Starring Otto Kruger, Gloria Holden, Marguerite Churchill, Edward Van Sloan, Gilbert Emery
Directed by Lambert Hillyer
(actor & director credits courtesy IMDB.com)
After driving a stake through the heart of Count Dracula, Professor Von Helsing is arrested for his murder, while a woman corrupted by Dracula can't resist the urge to seek new victims of her own.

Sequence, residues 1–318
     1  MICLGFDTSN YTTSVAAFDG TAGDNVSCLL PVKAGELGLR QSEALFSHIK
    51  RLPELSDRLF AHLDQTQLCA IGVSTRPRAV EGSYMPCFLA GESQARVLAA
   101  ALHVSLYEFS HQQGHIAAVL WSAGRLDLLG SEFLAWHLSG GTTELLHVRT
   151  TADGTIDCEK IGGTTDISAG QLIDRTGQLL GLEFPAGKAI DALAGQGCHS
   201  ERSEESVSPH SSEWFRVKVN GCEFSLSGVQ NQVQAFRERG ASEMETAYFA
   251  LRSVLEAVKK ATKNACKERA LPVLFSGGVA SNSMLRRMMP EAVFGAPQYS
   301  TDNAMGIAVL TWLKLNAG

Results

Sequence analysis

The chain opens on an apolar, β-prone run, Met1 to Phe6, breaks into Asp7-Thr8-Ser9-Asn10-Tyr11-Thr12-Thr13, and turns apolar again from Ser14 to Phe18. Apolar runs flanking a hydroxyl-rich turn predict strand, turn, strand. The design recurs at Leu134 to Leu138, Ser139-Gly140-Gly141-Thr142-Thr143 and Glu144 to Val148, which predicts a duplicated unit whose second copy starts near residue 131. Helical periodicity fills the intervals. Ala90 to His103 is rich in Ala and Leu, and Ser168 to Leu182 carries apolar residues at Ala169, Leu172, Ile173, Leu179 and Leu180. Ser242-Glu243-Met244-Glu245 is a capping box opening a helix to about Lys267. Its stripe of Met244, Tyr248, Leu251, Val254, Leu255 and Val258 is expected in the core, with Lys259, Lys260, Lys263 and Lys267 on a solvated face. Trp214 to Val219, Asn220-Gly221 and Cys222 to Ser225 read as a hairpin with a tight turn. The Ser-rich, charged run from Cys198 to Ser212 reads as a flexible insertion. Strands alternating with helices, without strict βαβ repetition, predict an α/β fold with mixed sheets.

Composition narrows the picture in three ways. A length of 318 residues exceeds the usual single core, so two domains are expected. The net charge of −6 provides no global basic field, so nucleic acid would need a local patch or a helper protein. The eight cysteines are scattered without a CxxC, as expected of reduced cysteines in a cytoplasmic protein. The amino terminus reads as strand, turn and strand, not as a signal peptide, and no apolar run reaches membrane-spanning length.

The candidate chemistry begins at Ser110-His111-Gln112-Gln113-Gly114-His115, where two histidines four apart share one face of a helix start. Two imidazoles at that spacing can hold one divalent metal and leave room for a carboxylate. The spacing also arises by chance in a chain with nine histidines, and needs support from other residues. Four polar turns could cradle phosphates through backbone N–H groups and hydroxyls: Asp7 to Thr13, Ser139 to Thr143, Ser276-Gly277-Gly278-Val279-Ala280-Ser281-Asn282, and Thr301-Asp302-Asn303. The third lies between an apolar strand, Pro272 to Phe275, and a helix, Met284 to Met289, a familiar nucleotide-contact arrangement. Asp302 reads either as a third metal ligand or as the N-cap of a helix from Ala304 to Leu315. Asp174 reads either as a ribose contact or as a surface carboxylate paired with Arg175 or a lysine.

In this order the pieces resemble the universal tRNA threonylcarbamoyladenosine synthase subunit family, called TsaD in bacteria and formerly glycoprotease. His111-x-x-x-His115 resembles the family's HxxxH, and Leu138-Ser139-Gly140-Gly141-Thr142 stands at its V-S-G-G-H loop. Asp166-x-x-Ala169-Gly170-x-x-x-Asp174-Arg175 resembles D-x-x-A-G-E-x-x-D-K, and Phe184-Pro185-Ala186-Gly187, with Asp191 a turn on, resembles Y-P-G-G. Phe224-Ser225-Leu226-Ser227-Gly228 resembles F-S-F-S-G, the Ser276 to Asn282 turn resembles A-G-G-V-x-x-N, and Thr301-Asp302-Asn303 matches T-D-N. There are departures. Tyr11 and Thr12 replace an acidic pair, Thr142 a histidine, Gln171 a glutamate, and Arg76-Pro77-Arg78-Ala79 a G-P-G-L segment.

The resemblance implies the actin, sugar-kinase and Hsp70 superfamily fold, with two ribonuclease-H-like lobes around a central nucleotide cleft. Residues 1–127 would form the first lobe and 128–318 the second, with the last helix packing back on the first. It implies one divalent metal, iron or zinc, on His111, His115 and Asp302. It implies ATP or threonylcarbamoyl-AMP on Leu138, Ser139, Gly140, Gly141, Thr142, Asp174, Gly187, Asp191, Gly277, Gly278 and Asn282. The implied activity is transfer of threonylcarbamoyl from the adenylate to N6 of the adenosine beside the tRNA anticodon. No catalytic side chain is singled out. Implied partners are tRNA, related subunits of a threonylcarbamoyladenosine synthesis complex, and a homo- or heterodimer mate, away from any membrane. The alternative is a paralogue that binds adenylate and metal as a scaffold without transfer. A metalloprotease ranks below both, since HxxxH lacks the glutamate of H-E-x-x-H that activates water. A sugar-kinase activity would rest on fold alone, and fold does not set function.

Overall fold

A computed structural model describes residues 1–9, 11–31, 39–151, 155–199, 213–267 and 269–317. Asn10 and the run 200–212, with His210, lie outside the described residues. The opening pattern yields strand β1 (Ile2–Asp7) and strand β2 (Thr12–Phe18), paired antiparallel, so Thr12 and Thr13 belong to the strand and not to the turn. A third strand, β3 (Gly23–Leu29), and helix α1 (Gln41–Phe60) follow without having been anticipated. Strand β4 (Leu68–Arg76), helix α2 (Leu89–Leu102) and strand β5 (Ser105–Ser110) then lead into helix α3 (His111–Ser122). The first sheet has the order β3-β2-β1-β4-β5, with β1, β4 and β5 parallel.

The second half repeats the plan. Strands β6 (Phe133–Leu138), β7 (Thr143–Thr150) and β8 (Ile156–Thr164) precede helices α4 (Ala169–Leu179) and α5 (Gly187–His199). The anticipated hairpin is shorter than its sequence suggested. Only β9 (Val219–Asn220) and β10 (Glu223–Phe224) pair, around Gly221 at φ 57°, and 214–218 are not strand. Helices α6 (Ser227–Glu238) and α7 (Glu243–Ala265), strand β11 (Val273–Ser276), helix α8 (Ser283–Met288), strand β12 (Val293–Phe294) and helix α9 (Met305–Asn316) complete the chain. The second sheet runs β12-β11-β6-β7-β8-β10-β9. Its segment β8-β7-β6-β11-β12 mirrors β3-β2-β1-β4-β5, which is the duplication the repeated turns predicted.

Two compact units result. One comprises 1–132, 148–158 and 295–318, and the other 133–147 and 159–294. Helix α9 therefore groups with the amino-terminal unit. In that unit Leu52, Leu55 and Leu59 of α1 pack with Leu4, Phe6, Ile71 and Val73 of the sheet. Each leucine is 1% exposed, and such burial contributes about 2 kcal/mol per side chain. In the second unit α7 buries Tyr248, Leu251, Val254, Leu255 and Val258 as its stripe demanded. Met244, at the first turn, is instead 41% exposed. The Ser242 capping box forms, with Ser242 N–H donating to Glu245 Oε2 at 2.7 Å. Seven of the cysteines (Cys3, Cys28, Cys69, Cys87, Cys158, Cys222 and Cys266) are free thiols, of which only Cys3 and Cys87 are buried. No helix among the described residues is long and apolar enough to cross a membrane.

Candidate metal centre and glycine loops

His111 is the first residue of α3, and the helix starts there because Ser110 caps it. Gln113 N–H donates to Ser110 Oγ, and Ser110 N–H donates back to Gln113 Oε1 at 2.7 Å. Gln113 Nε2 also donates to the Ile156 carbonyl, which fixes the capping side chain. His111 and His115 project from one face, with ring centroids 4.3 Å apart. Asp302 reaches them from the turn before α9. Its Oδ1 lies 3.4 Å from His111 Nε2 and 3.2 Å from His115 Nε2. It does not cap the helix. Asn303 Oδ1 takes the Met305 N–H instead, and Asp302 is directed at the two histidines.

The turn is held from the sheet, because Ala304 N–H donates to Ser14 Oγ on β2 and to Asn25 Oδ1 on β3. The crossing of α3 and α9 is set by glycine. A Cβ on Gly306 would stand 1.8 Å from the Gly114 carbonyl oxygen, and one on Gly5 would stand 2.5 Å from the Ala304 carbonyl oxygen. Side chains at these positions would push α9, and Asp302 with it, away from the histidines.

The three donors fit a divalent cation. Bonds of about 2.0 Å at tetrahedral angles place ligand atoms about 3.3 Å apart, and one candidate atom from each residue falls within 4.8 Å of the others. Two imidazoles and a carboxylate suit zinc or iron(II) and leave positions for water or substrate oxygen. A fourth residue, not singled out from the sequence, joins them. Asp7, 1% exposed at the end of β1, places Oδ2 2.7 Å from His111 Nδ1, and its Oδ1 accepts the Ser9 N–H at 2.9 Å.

The first sequel to the classic 1931 Dracula, which ushered in a wave of horror films and made a star of Bela Lugosi, is a rather small scale effort and would likely have benefitted from the return of Lugosi, but that was not to be. After the impact of Bride Of Frankenstein, which featured the original Frankenstein's star, Boris Karloff, in another memorable performance, it's curious that the Universal studio didn't elect to bring Lugosi back for a more grandiose followup, but that doesn't mean this is a bad film, just a lost opportunity. Holden should be praised for her performance which convincingly brings across the anguish of a victim of the Count now compelled to victimize others, pleading with Kruger's psychologist to save her from herself. The crisp photography by George Robinson makes the film lovely to look at, and lends atmosphere to sequences in which the police enter Carfax Abbey and Kruger hypnotizes one of Holden's victims. It's a good picture, but lacks the scope and scale a full-fledged sequel with Lugosi could have been.